The Blizzard of 2016
We always hoped snow days landed on a school day.
Our folks always hoped snow days landed on a day they wouldn't lose any pay staying home to watch us. Or in Florence's case, lose her rare time alone or her mercurial sanity.
But we didn't care, this ragtag bunch of kids living in the Quartchyard - religious, not religious didn't matter. Snow days meant liberation from strict rules of where we could or could not run, touch, walk, and stomp, or how loud or not loud we could shout, woop, squeal, scream and laugh.
All year round we carefully didn't touch anything like the grass or the bushes or the tree trunks. This was nature and it was proof that you didn't need to be rich to have nice stuff. Just like Cindy's mother's couch which was encased in plastic, those natures thingies were meant to be looked at but never touched.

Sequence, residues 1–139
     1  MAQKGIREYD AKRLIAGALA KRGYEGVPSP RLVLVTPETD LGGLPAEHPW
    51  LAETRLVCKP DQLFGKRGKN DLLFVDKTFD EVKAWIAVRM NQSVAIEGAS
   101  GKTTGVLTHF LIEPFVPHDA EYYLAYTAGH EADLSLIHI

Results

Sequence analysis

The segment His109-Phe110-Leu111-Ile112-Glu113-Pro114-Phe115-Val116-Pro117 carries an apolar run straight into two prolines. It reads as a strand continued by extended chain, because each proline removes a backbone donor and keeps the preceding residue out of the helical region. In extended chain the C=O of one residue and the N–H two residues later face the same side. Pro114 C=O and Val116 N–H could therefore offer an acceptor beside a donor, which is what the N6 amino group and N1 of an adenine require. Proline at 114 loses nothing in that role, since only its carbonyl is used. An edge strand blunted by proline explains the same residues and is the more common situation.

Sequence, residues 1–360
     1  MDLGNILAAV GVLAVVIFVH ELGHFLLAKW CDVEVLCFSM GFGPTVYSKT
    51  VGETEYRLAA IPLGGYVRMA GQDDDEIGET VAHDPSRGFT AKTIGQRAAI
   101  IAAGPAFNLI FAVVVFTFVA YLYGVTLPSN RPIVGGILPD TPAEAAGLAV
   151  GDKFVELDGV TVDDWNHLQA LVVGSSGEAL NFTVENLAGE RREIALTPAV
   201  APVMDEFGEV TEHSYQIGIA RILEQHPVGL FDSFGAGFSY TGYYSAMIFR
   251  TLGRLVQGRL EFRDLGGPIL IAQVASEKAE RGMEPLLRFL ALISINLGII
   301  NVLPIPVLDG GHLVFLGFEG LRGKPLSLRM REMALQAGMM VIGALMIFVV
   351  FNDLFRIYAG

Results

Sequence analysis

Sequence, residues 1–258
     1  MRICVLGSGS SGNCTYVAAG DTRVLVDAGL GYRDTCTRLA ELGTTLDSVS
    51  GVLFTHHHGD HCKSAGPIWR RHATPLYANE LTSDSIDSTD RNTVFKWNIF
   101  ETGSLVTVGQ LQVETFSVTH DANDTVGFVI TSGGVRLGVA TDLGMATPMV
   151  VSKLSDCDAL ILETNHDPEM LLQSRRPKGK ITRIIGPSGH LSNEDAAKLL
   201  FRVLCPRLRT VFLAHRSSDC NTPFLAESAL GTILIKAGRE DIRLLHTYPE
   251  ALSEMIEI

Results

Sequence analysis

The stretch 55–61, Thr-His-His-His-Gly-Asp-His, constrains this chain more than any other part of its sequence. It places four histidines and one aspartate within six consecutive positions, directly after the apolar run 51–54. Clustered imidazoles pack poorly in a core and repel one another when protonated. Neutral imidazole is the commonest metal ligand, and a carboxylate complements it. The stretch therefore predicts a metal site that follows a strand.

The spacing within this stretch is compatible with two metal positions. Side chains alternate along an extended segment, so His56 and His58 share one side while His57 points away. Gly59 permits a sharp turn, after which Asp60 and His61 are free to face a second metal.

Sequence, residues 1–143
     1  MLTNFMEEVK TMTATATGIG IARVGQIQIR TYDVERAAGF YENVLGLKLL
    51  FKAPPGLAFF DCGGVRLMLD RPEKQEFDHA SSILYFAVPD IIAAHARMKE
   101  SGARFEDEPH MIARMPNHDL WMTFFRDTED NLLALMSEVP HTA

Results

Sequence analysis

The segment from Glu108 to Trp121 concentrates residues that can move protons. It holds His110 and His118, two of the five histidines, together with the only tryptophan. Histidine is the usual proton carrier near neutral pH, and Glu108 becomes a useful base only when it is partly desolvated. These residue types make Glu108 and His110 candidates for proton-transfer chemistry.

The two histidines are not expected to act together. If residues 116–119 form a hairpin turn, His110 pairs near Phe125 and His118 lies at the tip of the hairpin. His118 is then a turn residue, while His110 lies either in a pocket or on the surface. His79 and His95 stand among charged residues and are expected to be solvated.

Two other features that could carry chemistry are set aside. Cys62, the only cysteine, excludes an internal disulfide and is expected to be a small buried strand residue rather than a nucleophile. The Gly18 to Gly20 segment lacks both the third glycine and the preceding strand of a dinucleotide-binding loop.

But the minute that snow hit the grass of the Quartchyard we were running, stomping, wooping laughing screaming not just on the stone walkway, but EVERYWHERE.
There were no fancy outdoors clothes in those days. There was wool. In layers. And when those layers and layers got wet we got cold.
En masse, all of us would rush into one of the buildings ringing the Quartchyard and with more screaming and squealing and stomping and wooping, we would throw our wet wool mittens and hats and scarves onto the big iron radiator spitting out steam heat.
The smell of wet wool on those radiators was the smell of happy as we hopped up and down hoping things would dry as quickly as possible so we could get outside and run rampant all over again.
Snow days are different today. There is no running and jumping and squealing and wool. Instead, it is, from a safe distance, watching and worrying that the oil tanker stuck in a snow drift won't be able to get his truck out and away from our home before it blows up.
Sunday Memories: Traveling Through